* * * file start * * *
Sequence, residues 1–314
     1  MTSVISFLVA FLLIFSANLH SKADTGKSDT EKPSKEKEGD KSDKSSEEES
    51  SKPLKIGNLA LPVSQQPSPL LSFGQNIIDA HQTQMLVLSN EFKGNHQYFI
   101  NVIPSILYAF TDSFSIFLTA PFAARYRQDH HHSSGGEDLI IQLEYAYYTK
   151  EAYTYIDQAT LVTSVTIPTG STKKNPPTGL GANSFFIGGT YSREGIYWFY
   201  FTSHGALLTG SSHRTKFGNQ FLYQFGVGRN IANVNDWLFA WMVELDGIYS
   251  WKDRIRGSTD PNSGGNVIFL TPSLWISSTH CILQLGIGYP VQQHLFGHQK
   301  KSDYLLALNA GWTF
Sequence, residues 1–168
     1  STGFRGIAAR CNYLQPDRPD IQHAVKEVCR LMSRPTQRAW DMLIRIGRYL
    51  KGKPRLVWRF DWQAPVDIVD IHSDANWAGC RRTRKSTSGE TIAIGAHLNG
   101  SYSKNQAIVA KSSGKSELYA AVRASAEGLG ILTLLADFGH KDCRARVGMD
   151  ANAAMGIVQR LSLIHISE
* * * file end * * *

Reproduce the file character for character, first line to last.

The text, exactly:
Sequence, residues 1–314
     1  MTSVISFLVA FLLIFSANLH SKADTGKSDT EKPSKEKEGD KSDKSSEEES
    51  SKPLKIGNLA LPVSQQPSPL LSFGQNIIDA HQTQMLVLSN EFKGNHQYFI
   101  NVIPSILYAF TDSFSIFLTA PFAARYRQDH HHSSGGEDLI IQLEYAYYTK
   151  EAYTYIDQAT LVTSVTIPTG STKKNPPTGL GANSFFIGGT YSREGIYWFY
   201  FTSHGALLTG SSHRTKFGNQ FLYQFGVGRN IANVNDWLFA WMVELDGIYS
   251  WKDRIRGSTD PNSGGNVIFL TPSLWISSTH CILQLGIGYP VQQHLFGHQK
   301  KSDYLLALNA GWTF
Sequence, residues 1–168
     1  STGFRGIAAR CNYLQPDRPD IQHAVKEVCR LMSRPTQRAW DMLIRIGRYL
    51  KGKPRLVWRF DWQAPVDIVD IHSDANWAGC RRTRKSTSGE TIAIGAHLNG
   101  SYSKNQAIVA KSSGKSELYA AVRASAEGLG ILTLLADFGH KDCRARVGMD
   151  ANAAMGIVQR LSLIHISE